Temporal range: Middle Jurassic, 164 Ma
Skeletal reconstruction showing known material
Scientific classification
Domain: Eukaryota
Kingdom: Animalia
Phylum: Chordata
Order: Pterosauria
Clade: Darwinoptera
Genus: Pterorhynchus
Czerkas & Ji, 2002
Type species
Pterorhynchus wellnhoferi
Czerkas & Ji, 2002

Pterorhynchus ("wing snout") is an extinct genus of pterosaur from the mid-Jurassic aged Daohugou Formation of Inner Mongolia, China.

The genus was named in 2002 by Stephen Czerkas and Ji Qiang. The type species is Pterorhynchus wellnhoferi. The genus name is derived from Greek pteron, "wing" and rhynchos, "snout", in reference to the tall crest on the head. The specific name honours the German pterosaur researcher Peter Wellnhofer.

The genus is based on holotype CAGS02-IG-gausa-2/M 608 (earlier DM 608). It was found in Chifeng in the Daohugou Beds. According to Ji Pterorhynchus belongs to the Yanliao Biota from the Haifanggou Formation of the Callovian; Lü Junchang in 2007 ascribed it to the somewhat later Tiaojishan Formation of the same stage.


The only known specimen had an elongated skull 11.8 centimetres (4.6 in) long, a long tail and a wingspan of about 85 centimetres (33 in). This specimen consists of an articulated, nearly complete skeleton with remains of the integument. These included the wing membrane, hair-like structures, a long version of the vane found at the end of "rhamphorhynchoid" tails, and a head crest with both a low bony base and a large keratin extension; the latter feature is unusual in "rhamphorhynchoids" (i.e. basal pterosaurs), the fossils of which do not often show head crests. The front part of the extension continued the leading margin of the bone base, extending at quite a sharp angle; it finally curved back to the base of the skull in a rounded curve. The crest covered the posterior two thirds of the head, showed the presence of minute oval scales and was reinforced by a dozen ridges running parallel to the rounded trailing edge. At the base a vertical pattern was visible, interpreted as corresponding to the original camouflage colour patterning. The describers ascribed a primarily aerodynamic function to the crest, which is reflected in the genus name.

Hair-like pycnofibers covered the body, and tiny tufts of fibers also covered portions of the wing membrane. These were described as pinnate, with many strands arising from a single base (similar to the calamus of the down feathers in birds), and seen as corresponding to the hypothetical Stage II in the evolution of feathers. This would suggest that pterosaur pycnofibres and dinosaur feathers were homologous. Later researchers—in a detailed study of pterosaur integument—recognized distinct tufts of fibers, but did not find evidence for the reported diamond-shaped patterns supposedly formed by these tufts when they examined the published photographs. However, they disagreed with the interpretation that the small nodules at the bases of some tufts were similar to a calamus, because they did not appear to be hollow.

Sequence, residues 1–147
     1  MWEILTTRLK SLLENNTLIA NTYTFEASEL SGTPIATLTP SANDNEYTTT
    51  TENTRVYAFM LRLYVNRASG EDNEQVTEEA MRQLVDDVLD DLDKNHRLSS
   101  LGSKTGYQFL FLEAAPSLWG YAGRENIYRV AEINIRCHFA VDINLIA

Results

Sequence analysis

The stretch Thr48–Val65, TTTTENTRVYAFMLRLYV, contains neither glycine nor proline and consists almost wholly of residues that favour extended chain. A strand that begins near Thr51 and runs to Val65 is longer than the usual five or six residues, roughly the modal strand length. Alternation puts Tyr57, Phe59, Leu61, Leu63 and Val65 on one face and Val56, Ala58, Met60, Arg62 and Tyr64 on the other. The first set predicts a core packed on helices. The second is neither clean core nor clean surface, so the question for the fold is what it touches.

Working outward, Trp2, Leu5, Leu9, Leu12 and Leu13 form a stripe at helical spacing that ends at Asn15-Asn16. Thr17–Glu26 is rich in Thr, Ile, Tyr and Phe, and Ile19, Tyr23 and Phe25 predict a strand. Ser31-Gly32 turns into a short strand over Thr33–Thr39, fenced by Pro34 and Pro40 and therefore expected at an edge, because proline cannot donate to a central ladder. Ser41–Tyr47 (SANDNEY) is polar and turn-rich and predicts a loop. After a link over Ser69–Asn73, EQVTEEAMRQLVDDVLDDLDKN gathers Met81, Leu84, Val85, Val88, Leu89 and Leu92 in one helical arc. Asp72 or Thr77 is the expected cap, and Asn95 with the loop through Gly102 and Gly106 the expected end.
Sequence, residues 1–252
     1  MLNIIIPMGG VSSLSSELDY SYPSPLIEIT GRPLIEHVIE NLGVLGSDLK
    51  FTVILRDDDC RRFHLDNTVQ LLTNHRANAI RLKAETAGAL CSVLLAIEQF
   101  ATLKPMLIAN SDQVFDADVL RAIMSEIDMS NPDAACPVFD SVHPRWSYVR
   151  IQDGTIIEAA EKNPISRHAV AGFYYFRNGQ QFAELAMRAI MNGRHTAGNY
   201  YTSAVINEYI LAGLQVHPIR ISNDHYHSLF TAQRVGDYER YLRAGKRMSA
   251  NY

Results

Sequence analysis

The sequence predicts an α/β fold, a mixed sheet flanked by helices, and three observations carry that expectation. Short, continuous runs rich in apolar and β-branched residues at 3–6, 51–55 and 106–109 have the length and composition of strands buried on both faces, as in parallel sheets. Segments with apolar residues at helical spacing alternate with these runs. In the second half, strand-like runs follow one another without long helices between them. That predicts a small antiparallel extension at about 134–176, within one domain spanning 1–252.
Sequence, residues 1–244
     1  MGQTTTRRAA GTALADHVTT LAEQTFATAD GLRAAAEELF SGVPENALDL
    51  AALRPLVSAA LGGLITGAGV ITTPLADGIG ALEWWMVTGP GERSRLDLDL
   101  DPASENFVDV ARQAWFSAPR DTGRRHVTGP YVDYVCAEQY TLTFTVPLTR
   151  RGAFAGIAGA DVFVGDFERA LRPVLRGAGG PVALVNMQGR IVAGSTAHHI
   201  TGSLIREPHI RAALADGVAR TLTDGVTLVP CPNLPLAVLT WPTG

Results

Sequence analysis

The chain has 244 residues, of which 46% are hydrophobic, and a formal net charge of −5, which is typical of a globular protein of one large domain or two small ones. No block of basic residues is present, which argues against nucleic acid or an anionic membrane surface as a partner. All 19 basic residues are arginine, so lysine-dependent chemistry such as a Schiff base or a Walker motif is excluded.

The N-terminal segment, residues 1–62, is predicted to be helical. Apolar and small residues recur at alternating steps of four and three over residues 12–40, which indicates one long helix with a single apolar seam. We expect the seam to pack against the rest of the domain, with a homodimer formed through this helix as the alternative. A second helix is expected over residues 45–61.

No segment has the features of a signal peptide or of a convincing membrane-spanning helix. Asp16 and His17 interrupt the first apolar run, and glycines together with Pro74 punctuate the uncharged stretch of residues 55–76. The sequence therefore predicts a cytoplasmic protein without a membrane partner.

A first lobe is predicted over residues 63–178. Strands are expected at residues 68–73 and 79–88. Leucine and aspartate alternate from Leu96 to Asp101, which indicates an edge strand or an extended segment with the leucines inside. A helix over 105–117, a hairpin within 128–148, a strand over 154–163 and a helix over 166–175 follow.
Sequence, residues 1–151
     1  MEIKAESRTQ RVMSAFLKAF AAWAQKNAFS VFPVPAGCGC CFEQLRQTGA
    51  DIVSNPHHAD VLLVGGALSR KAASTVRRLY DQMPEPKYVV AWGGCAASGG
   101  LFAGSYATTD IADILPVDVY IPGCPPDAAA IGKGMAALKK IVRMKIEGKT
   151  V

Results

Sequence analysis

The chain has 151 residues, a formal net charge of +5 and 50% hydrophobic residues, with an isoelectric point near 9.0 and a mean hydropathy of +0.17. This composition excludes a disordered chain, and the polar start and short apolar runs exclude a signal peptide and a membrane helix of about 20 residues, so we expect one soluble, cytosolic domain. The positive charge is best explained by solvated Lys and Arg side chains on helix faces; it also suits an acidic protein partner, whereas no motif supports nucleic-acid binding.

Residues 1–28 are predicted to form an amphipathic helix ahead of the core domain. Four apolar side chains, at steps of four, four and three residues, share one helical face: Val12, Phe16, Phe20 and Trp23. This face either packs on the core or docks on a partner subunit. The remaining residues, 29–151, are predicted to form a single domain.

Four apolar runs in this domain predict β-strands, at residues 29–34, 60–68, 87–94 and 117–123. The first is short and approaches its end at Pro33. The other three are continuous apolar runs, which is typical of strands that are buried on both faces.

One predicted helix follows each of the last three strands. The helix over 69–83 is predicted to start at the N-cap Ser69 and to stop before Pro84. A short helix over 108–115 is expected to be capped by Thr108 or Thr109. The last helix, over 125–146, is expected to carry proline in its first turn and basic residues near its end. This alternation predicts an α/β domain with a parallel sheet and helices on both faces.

The scientists who first studied it assigned Pterorhynchus to the Rhamphorhynchidae. In his 2006 book The Pterosaurs: From Deep Time, David Unwin regarded it as a Cretaceous genus, but this was based on old information. He also suggested that it was a scaphognathine, related to Scaphognathus. A large phylogenetic analysis performed by Brian Andres and colleagues in 2014 found that Pterorhynchus was actually a close relative of the similar-looking wukongopterids, and therefore a closer relative of pterodactyloid pterosaurs. Andres and colleagues assigned both the wukongopterids and Pterorhynchus to the group Darwinoptera.

See also

This page was last updated at 2023-11-03 10:53 UTC. Update now. View original page.

All our content comes from Wikipedia and under the Creative Commons Attribution-ShareAlike License.


If mathematical, chemical, physical and other formulas are not displayed correctly on this page, please useFirefox or Safari